Secretary Paige's Remarks to The National Assessment of Educational Progress' Press Conference on Geography
June 21, 2002

U.S. Secretary of Education Rod Paige today addressed a press conference to release the findings of the National Assessment of Educational Progress' latest report - the "nation's report card" on geography. Following are his prepared remarks.

Throughout our history, Americans have understood the importance of studying geography. James Madison wrote, "No studies seem so well calculated to give a proper expansion to the mind as Geography and History."

Geography not only helps students explore the world's people and civilizations across time, it also helps them understand the complexities of the world we live in today.

This is not the same planet our parents knew or their parents. Way back when Custer was defeated at Little Big Horn, it took nearly two weeks for the news to make the papers. If that happened today, people from Montana to Mozambique would be watching it live on TV, just as we did on Sept. 11.

In the world today, you can have breakfast in Paris, a teleconference lunch with executives in Beijing, and still make it back home in time for the curtain to rise at the Kennedy Center.

It's a world of 24-hour-news cycles, global markets, high-speed Internet and big challenges for all who inhabit it. And in order for our children to be prepared to take their place in that world and rise to those challenges, they must first understand it.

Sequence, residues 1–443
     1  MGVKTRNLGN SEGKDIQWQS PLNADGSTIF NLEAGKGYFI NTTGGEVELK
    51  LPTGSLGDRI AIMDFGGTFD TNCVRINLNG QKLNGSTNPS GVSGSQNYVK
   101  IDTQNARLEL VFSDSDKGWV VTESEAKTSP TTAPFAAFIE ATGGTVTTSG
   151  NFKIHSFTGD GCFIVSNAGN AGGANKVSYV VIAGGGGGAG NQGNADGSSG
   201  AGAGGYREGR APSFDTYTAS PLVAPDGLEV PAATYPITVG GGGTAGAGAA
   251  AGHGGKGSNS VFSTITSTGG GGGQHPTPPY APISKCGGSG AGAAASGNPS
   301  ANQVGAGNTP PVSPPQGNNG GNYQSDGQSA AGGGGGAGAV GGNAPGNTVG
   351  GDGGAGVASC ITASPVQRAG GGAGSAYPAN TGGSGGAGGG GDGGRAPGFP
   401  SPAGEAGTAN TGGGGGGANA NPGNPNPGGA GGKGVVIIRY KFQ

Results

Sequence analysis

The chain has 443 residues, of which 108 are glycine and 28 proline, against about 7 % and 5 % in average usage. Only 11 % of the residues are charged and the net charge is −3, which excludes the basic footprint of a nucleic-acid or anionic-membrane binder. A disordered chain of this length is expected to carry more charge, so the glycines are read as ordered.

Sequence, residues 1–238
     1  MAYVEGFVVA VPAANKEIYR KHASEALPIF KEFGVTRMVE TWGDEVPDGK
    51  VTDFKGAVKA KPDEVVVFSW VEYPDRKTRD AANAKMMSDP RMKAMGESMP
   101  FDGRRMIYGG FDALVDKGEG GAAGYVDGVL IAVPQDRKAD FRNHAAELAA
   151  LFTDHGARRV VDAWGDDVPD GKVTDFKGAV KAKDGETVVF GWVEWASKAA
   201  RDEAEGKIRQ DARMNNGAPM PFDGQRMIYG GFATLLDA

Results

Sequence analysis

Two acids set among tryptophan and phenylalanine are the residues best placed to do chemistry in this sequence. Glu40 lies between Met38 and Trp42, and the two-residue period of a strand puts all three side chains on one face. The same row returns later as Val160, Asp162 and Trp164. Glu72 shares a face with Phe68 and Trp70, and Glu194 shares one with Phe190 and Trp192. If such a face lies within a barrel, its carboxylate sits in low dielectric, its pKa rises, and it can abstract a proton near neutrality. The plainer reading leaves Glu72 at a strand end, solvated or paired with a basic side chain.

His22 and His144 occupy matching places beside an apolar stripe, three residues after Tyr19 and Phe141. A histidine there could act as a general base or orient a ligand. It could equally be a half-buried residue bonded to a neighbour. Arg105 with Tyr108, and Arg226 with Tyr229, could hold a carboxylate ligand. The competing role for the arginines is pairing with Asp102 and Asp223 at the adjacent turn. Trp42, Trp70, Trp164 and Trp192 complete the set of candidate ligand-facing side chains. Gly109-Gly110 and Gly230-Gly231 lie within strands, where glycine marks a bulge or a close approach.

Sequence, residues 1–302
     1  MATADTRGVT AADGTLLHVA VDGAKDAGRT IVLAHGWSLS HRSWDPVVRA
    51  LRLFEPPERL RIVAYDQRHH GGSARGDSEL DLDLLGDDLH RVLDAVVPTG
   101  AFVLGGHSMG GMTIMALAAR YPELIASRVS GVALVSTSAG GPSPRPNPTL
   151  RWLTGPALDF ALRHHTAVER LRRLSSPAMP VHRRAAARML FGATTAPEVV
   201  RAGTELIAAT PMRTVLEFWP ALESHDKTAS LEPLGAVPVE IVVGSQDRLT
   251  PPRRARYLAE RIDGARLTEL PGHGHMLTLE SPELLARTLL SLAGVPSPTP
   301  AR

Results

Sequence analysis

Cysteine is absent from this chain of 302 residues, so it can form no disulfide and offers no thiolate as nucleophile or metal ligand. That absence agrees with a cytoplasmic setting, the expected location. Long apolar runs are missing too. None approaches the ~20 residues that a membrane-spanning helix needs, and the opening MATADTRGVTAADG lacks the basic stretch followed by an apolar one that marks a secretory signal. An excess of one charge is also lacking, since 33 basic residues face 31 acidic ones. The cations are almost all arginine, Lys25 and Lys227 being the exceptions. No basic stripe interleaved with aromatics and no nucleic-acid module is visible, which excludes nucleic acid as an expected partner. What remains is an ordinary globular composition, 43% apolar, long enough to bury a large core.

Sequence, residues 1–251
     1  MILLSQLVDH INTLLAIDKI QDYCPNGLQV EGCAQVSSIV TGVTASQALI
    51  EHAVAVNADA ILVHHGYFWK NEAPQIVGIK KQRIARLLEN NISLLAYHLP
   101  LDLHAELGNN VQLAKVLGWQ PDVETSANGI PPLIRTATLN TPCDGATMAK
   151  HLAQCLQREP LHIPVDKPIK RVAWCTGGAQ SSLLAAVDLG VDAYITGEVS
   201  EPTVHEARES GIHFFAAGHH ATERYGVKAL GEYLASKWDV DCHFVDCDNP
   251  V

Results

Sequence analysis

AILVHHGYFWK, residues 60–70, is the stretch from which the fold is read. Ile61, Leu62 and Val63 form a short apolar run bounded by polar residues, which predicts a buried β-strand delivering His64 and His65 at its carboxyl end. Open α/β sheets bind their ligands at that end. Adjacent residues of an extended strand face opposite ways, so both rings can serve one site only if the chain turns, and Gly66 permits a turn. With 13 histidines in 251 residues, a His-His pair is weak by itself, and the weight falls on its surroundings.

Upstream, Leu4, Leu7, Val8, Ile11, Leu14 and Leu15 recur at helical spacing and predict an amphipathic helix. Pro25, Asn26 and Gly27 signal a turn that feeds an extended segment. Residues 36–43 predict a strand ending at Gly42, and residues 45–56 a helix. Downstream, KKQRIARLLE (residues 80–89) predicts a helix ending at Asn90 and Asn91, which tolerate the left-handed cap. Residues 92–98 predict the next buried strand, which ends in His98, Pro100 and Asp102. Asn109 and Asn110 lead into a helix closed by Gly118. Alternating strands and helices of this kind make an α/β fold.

I am pleased to hear that this report shows improved achievement among fourth- and eighth-graders. Daniel will speak more to the details in a moment.

Especially good news is the fact that the achievement gap narrowed significantly between African American fourth graders and their white peers. I believe these numbers confirm what the president and I have been saying all along: Every child can learn - regardless of race, income or zip code. Every minority child can achieve. And these scores show they are learning - and they are achieving. And I commend those geography teachers responsible for helping these children progress.

But the results also show us that, clearly, there is much more work to do.

For example, when given a map of the United States, 16 percent of eighth graders could not locate the Mississippi River, and one-third of fourth graders could not identify the state where they lived. The state where they live. Only a quarter of high school seniors showed proficiency in geography. Overall achievement for 12th graders has not changed since 1994. This is the fourth straight NAEP report that shows scores for high school seniors have remained flat.

This is unacceptable.

We have more work to do and we have the tool to do it - the sweeping new education reforms of the No Child Left Behind Act of 2001.

Our nation has been called to commit itself to a bold goal - creating a system that insists on accountability and results, teacher quality, local control and reading programs that work. A system where taxpayers know what they're getting for their money - and parents know if their children are learning - be it reading, math, science, history or geography.

It is a new day in education in America. And we are working with our schools implement these new reforms so every child is educated and no child is left behind.

When we all as nation pay attention and focus on accountability and results, our schools will improve. These NAEP scores will rise. And all of America's children - all of them -- can look forward to a brighter, more hopeful future.

Thank you.